The raising of Lazarus

“Those of us afflicted with a serious illness, as I am with stage 4 prostate cancer that has metastasized, are like Lazarus, our families like Martha and Mary.”

The gospel reading of John 11:1-45 tells the story of Jesus’ miracle of raising Lazarus from the dead.

The passage begins by introducing Lazarus, a dear friend of Jesus, and his sisters Martha and Mary. Lazarus falls ill and his sisters send a message to Jesus to come and heal him.

Upon receiving the message, Jesus does not immediately go to see Lazarus.

Instead, he tells his disciples that Lazarus’ illness will not end in death, but that it is for God’s glory.

After waiting two days, Jesus and his disciples finally arrive at Bethany, where Lazarus had died and was already buried for four days.

Upon arrival, Martha and Mary express their disappointment that Jesus had not come sooner.

Jesus is deeply moved by their grief and the grief of the people around them, and he weeps.

He then proceeds to the tomb and commands that the stone be rolled away.

He prays to God and then calls out to Lazarus, commanding him to come out of the tomb. To the amazement of everyone present, Lazarus emerges from the tomb, alive and well.

The story of Lazarus demonstrates Jesus’ power over death and his divine nature as the Son of God.

It also highlights his compassion and love for his friends, Martha, Mary, and Lazarus, and his desire to bring glory to God through his miraculous works.

Life is sweet. But Death stinks.

Jesus is the eternal Son of God, and he is fully a human person. We see him weeping, hungry, rejoicing, and even angry.

He experiences the full range of human emotions.

In Sunday’s Gospel, Martha meets Jesus just after the death of Lazarus, her brother. Jesus becomes “perturbed.”

In the original Greek, it says, “he snorted” or groaned.

Lazarus is a close friend of Jesus. Jesus is sad and upset. And then Jesus weeps. Jesus tells them to, “Take away the stone.”

Martha reminds him, “Lord, he has been dead for four days.”

But, Jesus is not afraid of our human condition. He plunges into our lives, into our weakness, even our death. He promises to raise each of us, from death to new life.

Clearly this is one of the most powerful examples of the Savior’s love—the raising of Lazarus from the grave after four days.

The event took place just before the triumphant entry into Jerusalem on Palm Sunday. Jesus and his disciples were traveling to Jerusalem for the last time when a messenger was sent to them with word that Lazarus was sick.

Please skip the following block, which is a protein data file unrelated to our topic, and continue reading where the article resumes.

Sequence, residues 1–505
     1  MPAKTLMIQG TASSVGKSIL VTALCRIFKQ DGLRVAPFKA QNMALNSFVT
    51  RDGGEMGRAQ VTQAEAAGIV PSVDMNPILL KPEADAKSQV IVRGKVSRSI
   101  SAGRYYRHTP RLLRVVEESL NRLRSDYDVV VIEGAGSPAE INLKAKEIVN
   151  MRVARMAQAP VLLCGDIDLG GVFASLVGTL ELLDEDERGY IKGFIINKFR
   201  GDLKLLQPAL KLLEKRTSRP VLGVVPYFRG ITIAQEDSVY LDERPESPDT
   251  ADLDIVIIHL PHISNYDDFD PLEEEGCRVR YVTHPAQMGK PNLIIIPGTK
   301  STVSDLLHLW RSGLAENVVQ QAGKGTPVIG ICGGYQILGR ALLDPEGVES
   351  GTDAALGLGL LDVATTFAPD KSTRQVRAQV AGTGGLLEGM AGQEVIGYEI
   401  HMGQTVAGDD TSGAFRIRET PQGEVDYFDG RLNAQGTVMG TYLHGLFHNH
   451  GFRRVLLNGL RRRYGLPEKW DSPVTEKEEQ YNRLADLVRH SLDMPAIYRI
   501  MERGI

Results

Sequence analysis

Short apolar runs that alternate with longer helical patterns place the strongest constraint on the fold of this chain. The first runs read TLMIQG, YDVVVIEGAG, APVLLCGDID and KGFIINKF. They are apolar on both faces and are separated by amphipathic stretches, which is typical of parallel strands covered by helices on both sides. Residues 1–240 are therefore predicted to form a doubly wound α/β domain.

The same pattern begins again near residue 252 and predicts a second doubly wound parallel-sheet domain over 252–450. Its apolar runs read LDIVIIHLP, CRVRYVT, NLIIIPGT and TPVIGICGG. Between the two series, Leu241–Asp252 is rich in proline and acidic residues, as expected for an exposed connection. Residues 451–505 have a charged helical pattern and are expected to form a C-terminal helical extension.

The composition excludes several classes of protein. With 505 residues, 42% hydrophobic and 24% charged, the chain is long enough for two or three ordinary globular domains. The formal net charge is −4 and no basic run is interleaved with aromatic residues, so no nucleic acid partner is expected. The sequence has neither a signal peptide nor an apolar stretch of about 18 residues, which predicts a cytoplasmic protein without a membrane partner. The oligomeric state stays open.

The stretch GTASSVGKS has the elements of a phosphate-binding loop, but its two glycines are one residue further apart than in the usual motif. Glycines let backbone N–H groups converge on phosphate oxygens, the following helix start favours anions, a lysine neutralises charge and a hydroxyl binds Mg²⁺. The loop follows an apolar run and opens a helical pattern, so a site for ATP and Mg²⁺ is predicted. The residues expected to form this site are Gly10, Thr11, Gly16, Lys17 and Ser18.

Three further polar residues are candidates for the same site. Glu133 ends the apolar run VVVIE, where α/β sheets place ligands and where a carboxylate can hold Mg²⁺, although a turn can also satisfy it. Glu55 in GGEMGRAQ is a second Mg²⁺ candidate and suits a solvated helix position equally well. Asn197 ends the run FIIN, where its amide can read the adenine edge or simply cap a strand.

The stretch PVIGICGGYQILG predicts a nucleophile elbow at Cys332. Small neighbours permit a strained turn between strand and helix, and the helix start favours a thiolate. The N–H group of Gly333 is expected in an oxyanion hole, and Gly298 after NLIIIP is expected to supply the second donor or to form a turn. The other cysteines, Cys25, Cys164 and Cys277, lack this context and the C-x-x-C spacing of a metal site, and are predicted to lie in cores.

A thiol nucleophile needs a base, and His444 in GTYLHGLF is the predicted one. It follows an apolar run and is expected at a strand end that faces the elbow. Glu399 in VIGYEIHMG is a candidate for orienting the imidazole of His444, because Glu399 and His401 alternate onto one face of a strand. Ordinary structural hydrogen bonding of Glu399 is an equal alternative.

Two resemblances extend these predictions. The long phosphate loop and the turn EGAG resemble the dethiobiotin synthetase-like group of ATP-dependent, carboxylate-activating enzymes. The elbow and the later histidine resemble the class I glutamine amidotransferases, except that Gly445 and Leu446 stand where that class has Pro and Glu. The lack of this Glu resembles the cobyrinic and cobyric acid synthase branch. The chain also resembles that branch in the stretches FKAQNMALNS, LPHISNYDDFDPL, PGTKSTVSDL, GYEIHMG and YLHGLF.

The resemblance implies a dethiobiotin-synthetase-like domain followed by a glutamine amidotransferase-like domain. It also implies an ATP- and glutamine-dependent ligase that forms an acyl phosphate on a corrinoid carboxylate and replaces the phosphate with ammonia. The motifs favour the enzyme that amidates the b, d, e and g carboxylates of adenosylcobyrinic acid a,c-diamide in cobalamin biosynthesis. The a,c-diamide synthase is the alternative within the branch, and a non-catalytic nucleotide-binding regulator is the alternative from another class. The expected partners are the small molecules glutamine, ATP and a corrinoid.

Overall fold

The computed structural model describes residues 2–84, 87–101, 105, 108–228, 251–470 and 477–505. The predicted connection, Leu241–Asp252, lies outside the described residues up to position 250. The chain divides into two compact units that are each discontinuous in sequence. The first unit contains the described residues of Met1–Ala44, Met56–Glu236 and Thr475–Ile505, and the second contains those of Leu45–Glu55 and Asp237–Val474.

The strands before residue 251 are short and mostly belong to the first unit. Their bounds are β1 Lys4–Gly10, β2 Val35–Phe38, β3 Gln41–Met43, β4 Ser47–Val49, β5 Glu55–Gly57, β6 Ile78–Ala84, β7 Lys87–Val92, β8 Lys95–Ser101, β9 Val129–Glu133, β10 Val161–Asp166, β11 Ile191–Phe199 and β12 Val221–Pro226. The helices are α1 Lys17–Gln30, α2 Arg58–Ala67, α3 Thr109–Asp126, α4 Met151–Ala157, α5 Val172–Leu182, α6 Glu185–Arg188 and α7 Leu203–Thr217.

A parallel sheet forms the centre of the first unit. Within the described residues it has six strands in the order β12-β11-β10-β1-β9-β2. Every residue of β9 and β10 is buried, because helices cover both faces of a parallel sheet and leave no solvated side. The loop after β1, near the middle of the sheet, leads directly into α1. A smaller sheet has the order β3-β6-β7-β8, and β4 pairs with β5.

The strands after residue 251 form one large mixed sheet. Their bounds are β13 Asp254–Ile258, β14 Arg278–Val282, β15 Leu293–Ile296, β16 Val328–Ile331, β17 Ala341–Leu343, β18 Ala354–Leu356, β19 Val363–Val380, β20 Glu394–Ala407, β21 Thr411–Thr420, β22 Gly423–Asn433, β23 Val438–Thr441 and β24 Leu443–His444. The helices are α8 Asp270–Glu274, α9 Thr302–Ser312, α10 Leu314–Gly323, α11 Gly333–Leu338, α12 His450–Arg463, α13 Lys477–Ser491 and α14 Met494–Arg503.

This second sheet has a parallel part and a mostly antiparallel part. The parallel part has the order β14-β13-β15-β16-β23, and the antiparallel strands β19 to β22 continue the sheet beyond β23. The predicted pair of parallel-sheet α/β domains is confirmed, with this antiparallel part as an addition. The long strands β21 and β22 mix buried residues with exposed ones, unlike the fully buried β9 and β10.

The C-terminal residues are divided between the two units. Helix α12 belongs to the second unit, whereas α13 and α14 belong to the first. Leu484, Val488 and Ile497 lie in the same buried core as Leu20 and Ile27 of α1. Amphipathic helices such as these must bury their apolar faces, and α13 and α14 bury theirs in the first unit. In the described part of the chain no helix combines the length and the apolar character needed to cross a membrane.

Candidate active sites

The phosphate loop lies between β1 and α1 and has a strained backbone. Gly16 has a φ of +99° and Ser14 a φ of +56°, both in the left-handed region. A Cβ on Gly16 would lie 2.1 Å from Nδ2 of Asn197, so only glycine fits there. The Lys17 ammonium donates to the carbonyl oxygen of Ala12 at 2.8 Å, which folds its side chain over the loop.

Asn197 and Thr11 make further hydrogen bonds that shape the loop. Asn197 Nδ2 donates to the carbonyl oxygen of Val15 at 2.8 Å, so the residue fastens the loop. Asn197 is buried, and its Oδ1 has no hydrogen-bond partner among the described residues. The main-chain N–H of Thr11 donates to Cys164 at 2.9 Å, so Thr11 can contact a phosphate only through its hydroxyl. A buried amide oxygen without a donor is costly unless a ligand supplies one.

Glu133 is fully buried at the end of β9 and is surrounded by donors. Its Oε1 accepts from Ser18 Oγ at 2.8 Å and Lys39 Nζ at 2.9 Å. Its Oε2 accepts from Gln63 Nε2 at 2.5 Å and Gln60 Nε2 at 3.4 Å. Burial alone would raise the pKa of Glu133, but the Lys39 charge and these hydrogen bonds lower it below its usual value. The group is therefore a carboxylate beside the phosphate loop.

Jesus, however, tarried for several days, instead of rushing to heal Lazarus.

When Jesus and the disciples arrived, Lazarus had been dead and in the tomb for four days.

Often the first question that is asked is why Jesus waited to come heal Lazarus.

Why would he prolong his coming when he knew that the hearts of Mary and Martha would both be broken?

First, by raising Lazarus from the dead after four days, Jesus demonstrated his true power over even the worst enemy, death.

Up to this point Jesus had raised several from the dead, however, in each case, they had only been dead for a few hours.

Dissenters could easily claim that those who had been raised, had only been sleeping. Yet in the case of Lazarus, there was no question as to the magnitude of Jesus’ power.

Second, it taught of Jesus’ pure love for others, despite his omniscience.

The shortest verse in scripture simply states “Jesus wept.”

Volumes could be written about these simple, yet powerful two words.

Jesus knew that he could raise Lazarus, he also knew that in only moments the two sisters, Mary and Martha would again be embracing their brother.

esus empathized with the pain of those around him, even though he knew what the future held.

Another significant reason why Jesus performed the miracle of resurrecting Lazarus was to prepare his followers for his own tragic death.

Jesus wept, in part, because he foresaw the sorrow that his disciples would experience when he was crucified.

While Jesus knew that he would be resurrected, his followers would need time to process and understand the significance of his death.

By raising Lazarus from the dead, Jesus gave his disciples hope for the impossible and instilled in them an unshakable belief in the power of the Lord.

Even though Jesus could have healed Lazarus immediately, he chose to perform the miracle to demonstrate the limitless power of God and to show his followers the depth of his love for them.

Throughout our lives, even when the Lord knows how things will ultimately turn out, he continues to provide us with comfort and hope, instilling in us faith and reminding us that nothing is impossible with Him.

Those of us afflicted with a serious illness, as I am with stage 4 prostate cancer that has metastasized, are like Lazarus, our families like Martha and Mary.

We seek comfort, embrace hope. And we will not be disappointed.

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